Some people become more active to avoid feelings they don’t want to have; others become apathetic and can't get off the couch. I know what those things look like and how it feels to put up a strong front and smile when life hurls giant lemons at you. I've learned you can dodge your difficulties for only so long. At some point you have to face the challenges head on.
We get stressed when we feel we have no control in a situation — when we feel vulnerable and helpless and don’t believe we have enough resources to handle the challenge. When our stress button is pressed, we go into fight-or-flight mode. That’s our body’s instinctive physical response to a threatening situation. The body releases the hormone cortisol, our heart races, blood pressure goes up and we breathe faster. We’re prepared to either fight or run away. After the threat is gone, it takes our body 20 minutes to an hour to return to its regular state.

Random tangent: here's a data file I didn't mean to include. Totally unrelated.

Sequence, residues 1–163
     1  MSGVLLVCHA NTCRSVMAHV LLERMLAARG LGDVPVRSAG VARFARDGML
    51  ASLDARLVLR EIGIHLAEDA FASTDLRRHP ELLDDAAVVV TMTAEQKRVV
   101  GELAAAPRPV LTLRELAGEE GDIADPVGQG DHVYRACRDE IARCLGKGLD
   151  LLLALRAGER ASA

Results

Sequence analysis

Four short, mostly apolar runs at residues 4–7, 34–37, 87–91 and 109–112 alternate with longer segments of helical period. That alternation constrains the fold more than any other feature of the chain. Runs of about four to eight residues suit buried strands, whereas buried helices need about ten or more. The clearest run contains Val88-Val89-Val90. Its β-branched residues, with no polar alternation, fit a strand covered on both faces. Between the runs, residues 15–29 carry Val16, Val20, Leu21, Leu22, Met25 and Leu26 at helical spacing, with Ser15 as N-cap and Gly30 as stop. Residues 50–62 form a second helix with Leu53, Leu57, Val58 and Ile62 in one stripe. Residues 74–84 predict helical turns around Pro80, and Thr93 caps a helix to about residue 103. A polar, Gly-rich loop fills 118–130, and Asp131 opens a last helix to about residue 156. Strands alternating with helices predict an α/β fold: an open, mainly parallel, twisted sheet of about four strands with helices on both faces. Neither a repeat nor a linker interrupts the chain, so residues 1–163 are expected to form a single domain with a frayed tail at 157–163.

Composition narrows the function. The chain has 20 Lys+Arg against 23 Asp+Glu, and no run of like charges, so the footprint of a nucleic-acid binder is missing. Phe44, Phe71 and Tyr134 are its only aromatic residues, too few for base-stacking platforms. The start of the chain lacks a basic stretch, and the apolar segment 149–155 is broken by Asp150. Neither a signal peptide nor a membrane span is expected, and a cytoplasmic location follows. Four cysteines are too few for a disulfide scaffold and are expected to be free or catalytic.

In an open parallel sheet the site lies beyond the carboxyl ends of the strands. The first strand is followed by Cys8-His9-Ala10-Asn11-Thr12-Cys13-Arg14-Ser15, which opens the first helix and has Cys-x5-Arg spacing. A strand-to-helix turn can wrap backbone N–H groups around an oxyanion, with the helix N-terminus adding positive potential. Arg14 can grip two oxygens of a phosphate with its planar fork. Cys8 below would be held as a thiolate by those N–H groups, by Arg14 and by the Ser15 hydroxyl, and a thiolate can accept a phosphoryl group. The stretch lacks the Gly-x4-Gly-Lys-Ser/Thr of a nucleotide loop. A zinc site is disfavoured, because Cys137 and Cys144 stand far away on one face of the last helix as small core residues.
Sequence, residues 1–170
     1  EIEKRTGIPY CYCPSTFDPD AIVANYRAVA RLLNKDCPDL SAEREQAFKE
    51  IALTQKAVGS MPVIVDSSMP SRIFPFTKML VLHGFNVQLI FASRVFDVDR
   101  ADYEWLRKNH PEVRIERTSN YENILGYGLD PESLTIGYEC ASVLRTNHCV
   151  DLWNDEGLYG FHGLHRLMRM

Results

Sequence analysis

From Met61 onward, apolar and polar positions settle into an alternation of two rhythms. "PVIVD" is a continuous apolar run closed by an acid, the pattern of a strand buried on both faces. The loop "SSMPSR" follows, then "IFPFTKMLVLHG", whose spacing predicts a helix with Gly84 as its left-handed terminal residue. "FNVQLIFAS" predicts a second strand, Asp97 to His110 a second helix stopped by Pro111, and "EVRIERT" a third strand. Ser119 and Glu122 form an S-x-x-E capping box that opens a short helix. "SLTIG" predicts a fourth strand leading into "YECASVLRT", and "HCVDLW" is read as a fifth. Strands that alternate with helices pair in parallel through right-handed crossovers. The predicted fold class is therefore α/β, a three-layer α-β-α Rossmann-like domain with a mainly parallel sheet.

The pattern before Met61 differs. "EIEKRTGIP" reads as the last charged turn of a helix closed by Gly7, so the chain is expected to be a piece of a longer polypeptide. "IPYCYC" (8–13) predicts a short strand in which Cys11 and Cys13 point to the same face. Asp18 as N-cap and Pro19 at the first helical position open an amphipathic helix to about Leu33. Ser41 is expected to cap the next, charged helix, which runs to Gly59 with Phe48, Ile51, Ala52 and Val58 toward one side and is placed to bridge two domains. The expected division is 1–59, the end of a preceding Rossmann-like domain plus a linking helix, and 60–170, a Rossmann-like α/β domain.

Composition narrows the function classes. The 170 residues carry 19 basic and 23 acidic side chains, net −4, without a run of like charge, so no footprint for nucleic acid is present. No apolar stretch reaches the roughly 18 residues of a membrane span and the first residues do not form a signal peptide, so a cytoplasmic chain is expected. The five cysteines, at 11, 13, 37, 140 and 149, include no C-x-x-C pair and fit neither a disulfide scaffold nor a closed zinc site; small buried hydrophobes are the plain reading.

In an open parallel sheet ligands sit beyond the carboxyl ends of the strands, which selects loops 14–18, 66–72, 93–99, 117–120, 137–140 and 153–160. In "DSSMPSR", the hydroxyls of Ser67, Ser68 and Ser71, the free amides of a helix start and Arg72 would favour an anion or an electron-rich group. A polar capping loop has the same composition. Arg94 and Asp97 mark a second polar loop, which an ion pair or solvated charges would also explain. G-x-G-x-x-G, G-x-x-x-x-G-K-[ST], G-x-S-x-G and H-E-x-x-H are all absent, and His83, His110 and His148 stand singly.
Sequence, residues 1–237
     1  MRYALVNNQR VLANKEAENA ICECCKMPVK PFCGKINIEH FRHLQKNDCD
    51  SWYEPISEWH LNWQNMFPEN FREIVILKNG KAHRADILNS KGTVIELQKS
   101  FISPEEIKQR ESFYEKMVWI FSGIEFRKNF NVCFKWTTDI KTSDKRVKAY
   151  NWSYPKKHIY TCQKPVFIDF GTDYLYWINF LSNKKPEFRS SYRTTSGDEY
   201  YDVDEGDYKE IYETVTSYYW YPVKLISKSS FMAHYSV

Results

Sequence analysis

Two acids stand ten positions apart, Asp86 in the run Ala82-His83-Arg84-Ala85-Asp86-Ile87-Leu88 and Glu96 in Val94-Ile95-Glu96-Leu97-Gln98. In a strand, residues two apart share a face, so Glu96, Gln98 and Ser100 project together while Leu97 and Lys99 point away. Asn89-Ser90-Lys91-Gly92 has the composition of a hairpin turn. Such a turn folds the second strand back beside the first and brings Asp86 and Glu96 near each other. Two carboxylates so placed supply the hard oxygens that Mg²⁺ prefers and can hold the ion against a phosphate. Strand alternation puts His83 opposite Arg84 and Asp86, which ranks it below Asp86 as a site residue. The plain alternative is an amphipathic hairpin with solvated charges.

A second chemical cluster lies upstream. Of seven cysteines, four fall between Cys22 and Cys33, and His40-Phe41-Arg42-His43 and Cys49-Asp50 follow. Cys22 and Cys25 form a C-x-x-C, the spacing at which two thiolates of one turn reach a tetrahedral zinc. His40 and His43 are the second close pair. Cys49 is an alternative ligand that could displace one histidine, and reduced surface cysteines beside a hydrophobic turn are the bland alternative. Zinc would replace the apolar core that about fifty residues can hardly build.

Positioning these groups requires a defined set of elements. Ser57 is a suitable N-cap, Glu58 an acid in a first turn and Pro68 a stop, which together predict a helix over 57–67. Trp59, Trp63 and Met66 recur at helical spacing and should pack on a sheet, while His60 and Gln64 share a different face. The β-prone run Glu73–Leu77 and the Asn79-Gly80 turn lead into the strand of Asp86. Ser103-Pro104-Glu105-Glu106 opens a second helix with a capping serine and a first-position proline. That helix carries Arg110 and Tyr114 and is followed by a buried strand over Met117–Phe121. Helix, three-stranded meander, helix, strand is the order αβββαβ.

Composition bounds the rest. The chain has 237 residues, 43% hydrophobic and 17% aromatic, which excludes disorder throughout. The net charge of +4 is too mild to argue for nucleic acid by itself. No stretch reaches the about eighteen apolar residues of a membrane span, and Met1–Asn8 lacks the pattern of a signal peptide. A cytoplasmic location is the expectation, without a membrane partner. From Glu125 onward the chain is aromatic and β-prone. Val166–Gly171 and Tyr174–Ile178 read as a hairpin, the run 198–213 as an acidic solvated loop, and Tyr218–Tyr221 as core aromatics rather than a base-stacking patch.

Every living being — human and animals alike — experiences the emotion of fight-or-flight when threatened. It’s normal and what has kept us alive for centuries.
What’s not valuable — and becomes damaging to our health and well-being — is when we stay stuck in fight-or-flight mode. Without a way to cope with our threatening feelings fears, they begin to break us down.
See my stress-reducing steps below:
More Theresa-recommended sources to guide you in your quest.
1. CHANGE YOUR PERSPECTIVE ON STRESS
2. DEVELOP QUICK STRESS RELIEVERS
3. ESTABLISH LIFESTYLE STRESS-RELIEVER HABITS
4. BUILD YOUR PERSONAL RESOURCES
If you have any additional tips for reducing stress, please share them with me at the bottom of the page.
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Readings for mindfulness and stress relief.
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